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I'm a Minnesota Girl, living in the south. I tell my friends I try not to talk and think like a Yankee, but sometimes I slip up!

Wednesday, February 25, 2009

Well, Sure, I Was A Fan

Of the Obama speech last night. A lot of memorable rhetoric. I'll watch others dissect it. My favorite quote of the night came not from Obama, but from the 8th grade student he featured (Tysheoma Bethea; no accident that she comes from South Carolina, a state with a horse's ass for a governor), on the topic of education:


I sure hope she's right.


MarionL said...

I heard parts of it. I just hope the country improves, banking and the stock market specifically. I loved his tie. Tee-Hee.

And our illustrious, intelligent governor Jindal did a good job on the back talk for the Republicans.

Algernon said...

It was a decent performance, balancing the gravity of our economic crisis with a positive vision for moving forward. The sort of thing he is very good at.

Pam said...

It was, as usual, wonderful rhetoric and with lofty goals.

I would love to see him accomplish all that he wishes to do.

I just have serious doubts about the ability to get all this done.

Anytime soon, that is.

Lots more details are needed in my book.

Jindal, Marion, disappointed me. He was wooden and seemed rather sophomoric. I was also left scratching my head at times. He needs to work on his speaking skills before he goes further.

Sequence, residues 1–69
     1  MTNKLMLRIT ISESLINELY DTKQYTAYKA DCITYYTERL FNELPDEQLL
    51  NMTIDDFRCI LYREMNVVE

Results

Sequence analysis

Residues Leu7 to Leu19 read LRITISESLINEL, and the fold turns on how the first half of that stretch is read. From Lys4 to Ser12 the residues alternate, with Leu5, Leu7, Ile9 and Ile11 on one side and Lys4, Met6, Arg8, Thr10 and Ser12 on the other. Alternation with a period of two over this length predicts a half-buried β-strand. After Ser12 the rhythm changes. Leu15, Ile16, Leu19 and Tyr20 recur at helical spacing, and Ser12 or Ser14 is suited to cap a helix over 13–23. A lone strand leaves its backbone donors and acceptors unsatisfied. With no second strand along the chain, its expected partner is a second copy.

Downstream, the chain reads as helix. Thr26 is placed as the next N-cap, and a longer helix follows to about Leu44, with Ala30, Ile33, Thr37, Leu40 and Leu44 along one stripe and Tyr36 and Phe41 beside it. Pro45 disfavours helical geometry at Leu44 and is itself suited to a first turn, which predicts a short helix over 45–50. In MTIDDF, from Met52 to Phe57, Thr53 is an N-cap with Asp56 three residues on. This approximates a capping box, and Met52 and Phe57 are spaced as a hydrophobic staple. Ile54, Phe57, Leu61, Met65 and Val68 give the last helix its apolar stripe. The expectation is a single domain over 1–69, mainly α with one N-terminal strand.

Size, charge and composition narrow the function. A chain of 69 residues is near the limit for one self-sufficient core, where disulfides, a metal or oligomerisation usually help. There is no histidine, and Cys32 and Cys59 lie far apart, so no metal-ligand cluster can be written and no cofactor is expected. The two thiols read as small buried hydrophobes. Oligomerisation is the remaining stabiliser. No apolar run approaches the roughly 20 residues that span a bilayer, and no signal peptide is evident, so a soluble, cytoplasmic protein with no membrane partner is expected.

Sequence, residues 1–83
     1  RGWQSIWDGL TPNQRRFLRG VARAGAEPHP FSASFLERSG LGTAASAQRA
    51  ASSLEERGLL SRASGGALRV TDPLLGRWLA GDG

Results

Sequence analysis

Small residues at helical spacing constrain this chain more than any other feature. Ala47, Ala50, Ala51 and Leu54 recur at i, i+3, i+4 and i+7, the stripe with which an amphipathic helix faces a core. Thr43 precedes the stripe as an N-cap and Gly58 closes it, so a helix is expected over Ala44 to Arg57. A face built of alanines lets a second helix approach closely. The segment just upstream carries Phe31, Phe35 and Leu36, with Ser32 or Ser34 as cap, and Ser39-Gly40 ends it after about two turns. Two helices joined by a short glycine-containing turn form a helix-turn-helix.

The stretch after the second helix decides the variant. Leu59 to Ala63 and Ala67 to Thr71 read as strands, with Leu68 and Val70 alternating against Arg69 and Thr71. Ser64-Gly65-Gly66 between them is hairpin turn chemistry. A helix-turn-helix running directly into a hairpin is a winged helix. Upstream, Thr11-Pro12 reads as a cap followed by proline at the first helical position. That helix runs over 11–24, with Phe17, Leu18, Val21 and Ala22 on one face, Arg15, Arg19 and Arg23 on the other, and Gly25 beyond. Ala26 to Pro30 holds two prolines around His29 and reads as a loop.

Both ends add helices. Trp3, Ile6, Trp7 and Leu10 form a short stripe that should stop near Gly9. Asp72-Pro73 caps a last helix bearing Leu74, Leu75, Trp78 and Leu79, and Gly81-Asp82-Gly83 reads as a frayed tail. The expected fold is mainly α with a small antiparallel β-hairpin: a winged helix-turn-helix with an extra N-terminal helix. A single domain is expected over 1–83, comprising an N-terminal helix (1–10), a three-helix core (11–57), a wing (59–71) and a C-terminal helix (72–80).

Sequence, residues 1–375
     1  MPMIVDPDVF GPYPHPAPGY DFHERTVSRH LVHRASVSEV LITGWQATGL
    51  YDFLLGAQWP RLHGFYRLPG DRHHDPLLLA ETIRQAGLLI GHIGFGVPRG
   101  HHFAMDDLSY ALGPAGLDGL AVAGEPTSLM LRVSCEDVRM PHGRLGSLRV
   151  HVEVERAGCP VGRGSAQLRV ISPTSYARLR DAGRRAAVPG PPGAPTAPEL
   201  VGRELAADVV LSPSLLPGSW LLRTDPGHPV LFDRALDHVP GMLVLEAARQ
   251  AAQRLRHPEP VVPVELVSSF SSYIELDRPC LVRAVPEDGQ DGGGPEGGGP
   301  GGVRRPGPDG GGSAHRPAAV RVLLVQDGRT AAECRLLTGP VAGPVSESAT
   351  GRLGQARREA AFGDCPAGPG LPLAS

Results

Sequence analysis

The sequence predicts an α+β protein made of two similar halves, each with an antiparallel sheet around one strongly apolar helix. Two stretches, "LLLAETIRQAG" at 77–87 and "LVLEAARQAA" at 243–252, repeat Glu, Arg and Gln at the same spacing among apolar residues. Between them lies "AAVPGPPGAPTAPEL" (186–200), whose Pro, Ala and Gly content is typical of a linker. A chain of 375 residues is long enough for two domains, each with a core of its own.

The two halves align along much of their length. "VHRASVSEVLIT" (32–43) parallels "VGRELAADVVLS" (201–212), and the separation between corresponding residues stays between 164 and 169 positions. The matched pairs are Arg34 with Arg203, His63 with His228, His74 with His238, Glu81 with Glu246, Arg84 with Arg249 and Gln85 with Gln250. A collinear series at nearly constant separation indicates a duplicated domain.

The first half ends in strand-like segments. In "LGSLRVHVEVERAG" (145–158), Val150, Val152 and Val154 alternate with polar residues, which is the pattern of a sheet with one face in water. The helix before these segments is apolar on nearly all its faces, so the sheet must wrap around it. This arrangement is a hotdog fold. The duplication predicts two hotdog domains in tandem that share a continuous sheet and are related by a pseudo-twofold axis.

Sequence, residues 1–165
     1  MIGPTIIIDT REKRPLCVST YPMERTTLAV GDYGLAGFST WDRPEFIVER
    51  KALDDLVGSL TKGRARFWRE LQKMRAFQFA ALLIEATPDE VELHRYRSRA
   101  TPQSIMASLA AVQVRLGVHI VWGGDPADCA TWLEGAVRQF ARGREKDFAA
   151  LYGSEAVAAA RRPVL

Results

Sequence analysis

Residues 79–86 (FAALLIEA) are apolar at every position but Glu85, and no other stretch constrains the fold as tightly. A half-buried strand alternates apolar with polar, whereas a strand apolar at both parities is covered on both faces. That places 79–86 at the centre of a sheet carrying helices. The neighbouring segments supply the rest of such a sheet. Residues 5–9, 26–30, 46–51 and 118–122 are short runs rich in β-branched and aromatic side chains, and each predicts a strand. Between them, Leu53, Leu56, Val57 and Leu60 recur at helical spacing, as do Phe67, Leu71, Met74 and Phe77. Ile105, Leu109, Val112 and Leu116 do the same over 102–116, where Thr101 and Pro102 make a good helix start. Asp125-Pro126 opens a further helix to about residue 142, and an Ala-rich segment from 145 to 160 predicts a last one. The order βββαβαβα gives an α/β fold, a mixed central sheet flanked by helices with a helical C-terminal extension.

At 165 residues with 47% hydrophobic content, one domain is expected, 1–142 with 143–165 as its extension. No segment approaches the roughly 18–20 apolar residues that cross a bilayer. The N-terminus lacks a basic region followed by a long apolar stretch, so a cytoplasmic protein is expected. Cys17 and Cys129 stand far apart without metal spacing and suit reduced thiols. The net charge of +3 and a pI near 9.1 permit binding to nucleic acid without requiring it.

It's never good, however, whichever party, has to do the rebuttal.

MarionL said...

Pam, I think Jindal was just a total nervous wreck. He didn't come across with the confidence & power I see him display locally. (I already heard a comedian on the radio say they picked Jindal to speak because of the success of "Slumdog Millionarie". Puuuleeze!)

I heard him speak at Paul's med school graduation a while back, and the man is a genius, a math whiz, a family man and full of compassion. (I've never, ever said that about a politician). He was born here in Louisiana but his parents (both doctors) are from India. He said they were devastated when he told them he was dropping out of med school to go into politics! But he helped our state get out of debt under Governor Foster. I hope he keeps his vision and doesn't get corrupted or become a member of the good ole boy network. One can always hope!!

quid said...

I felt bad for Jindal, because who the heck wanted to follow that up? And the process, where he pretty much has to write the speech without knowing what Obama is going to say, is difficult.

Jindal got left holding the Republican bag. It probably hurt him as a frontrunner against less talented Republican prez-wannabees (do I have to name her?)

I hope he breaks from the party line and gives us a better taste of his own philosophy at some point.


Algernon said...

Did not watch Jindal's speech until today, and was surprised. I'm sure I have seen him do better. In part, yes, following Obama is not an enviable task for any politician. Yet I wondered if he was a bit over-coached and lost himself.

The speech itself, eh, he's on another planet from my philosophically but I won't pick him on him here. One thing that dumbfounded me, though, was when he referenced the government response to Hurricane Katrina to suggest government is not a trustworthy resource in a crisis.

Um, he does know that botched response was on the Republicans' watch -- doesn't he? It was an unintended slap on his own party. Not a deft touch.

David Brooks (a Republican), I think it was, who said that the best thing to happen to Obama all night was Jindal's speech. Ouch.